According to Harvard Business Review, while high-pressure, cut-throat companies can increase employee performance levels, it does come with high costs. Harvard Business Review goes on to state that these high-pressure organizations’ healthcare costs are almost 50% greater than other companies. What this shows is that high performance in a stressful environment comes with a price and that organizations can, in fact, have high performance in a low-stress environment, which will not only improve work performance but widen profit margins. This is but one way to increase performance and profits. Read on to learn 6 more, plus why you should conduct a business names availability search.
1. Performance Reviews
According to Chron, giving consistent performance reviews to employees is an integral part in boosting work performance. When you do give performance reviews, make sure that they are accurate, reflecting areas employees are excelling at as well as areas they need to work on.
Especially when giving feedback on ways they can improve, list practical steps for them to take, as well as giving specific praise. In fact, according to CNN, the ratio of complements to criticism is 6 to 1. CNN goes so far to state that the best-performing teams use this ratio while the worst only have a ratio of 3 complements for every criticism. At the end of the day, err on the side of complements infused with one or two constructive critiques.
2. Track Your Time
Inc. states that many employees don’t have a good grasp on time estimation. Meaning, that 2-hour report most likely will take 4 hours (or longer). Also, it helps to know that the average employee spends roughly 3 hours out of an 8-hour workday on work (with social media, reading the news, making a drink, etc. making up the rest of it).
To help employees track their time, we recommend using the Pomodoro Technique. This method breaks up an employee’s workday in 25-minute increments. Employees work for 25 minutes straight. Once the timer is up, they take a break for 5 minutes, and then return back to work for another 25 minutes. After 4 rounds of this, the employee then takes a 15-minute break.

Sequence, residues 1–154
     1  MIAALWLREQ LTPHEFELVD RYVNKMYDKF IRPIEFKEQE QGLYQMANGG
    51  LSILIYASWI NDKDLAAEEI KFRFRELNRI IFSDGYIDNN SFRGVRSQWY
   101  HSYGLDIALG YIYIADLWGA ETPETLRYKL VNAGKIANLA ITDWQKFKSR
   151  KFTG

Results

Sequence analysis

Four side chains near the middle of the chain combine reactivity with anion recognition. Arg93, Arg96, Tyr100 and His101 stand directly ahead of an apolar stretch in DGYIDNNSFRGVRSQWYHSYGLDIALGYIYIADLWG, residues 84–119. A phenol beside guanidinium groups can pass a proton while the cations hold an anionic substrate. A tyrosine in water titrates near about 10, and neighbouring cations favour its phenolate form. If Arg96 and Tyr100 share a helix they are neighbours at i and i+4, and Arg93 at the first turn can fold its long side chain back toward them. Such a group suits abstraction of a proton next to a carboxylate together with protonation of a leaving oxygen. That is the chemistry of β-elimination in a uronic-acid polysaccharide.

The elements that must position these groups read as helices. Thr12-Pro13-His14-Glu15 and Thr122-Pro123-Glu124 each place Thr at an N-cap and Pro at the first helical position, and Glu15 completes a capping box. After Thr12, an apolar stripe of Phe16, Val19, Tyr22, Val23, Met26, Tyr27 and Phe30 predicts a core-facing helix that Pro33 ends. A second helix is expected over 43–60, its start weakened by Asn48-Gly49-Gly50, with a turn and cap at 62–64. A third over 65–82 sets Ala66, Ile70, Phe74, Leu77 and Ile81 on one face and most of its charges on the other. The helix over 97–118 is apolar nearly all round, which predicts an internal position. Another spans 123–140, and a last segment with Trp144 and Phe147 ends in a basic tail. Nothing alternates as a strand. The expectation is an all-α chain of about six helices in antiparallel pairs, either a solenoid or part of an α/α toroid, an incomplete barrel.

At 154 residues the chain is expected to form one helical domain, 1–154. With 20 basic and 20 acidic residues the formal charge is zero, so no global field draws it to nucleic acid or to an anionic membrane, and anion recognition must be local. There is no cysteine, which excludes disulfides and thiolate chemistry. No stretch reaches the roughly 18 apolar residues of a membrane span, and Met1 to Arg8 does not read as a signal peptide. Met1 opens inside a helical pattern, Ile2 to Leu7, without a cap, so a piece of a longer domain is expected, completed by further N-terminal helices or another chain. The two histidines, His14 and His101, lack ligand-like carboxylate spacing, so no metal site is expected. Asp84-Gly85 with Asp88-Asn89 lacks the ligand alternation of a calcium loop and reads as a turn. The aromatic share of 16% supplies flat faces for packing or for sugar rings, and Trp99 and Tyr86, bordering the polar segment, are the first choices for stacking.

By scheduling breaks, employees will waste less time and get more done, which means more productivity and profit for the company.
3. Make a Plan (And Stick to It)
It is important to have goals (and stick to them). Make sure they are obvious, and are broken down into reasonable steps. Track your progress by re-evaluating your goals on a weekly basis. Perhaps schedule in a set time to go over your goals to ensure that they are met? Also, know that the goals may change, which is why consistent re-evaluation is necessary for companies.
4. Incentivize, Incentivize, Incentivize
According to The Balance, pick your top 3 most important things (MITs) for the day. As the name sounds, these are the tasks you prioritize the most. Instead of picking the MITs that day, make an effort to set aside the last 15 minutes of the day to plan for your MITs for the following day. That way, you come into the office knowing exactly what you need to get done without wasting any time.
5. Do Not Multitask
Stanford research claims that multitaskers have less attention than those who have a “streamlined workflow.” This makes sense, given that multitasking puts more stress on the brain; it takes more work to shift from one task to another to back to the original task.
Nonetheless, according to a study, 2.5% of individuals can multitask. If you happen to be one of those 2.5% lucky for you; for the rest, consider engaging in mindfulness and focus on one task at a time. Doing so will up your productivity, getting more done and increasing revenue.
6. Maintain a Healthy Sleep Routine
Fatigue not only decreases creativity but productivity levels as well. In order for employees to be at the top of their game, it is important to have a regular sleep routine in place—not to mention regular work, play, and rest times. That way, your body can keep a stable circadian rhythm.
According to the Sleep Foundation, adults need 7-8 hours of sleep. (It is important to factor in age and lifestyle.) Having less will wreak havoc on your body while actually sleeping more—otherwise known as oversleeping—can have an equally detrimental effect. At the end of the day, keep a solid sleep routine of 7-8 hours to maintain high productivity levels.
Bonus: Who You Work Next to Matters
Harvard Business Review (HBR) indicates that who you sit next to has an effect on your work performance. And, it isn’t just the employee who sits adjacent; factor in the employee who is 25 feet away and 50 feet away. The study revealed that there was a 10% spillover, meaning a high-performing employee would boost an employee who may not have been performing as well. Consequently, the opposite would happen, where a low-performing employee would decrease the productivity of his/her high-performing co-worker.
What HBR did highlight is that employees that have opposite strengths do well together. So, that employee who goes into detail on projects but procrastinates may do well sitting next to an employee who consistently manages work but doesn’t go as in depth.
Having a highly competitive work environment is not the solution to increasing productivity and widening profit margins. If anything, it increases stress. To boost employee productivity, encourage employees to invest in their health (which may even reduce the amount of health care services used).
Also, employees should use time-tracking methods—such as the Pomodoro Technique—to ensure that they make the most of work. Plus, encouraging employees to choose and prioritize their MITs and routinely check their progress in meeting goals will increase the likelihood of boosting productivity and profits.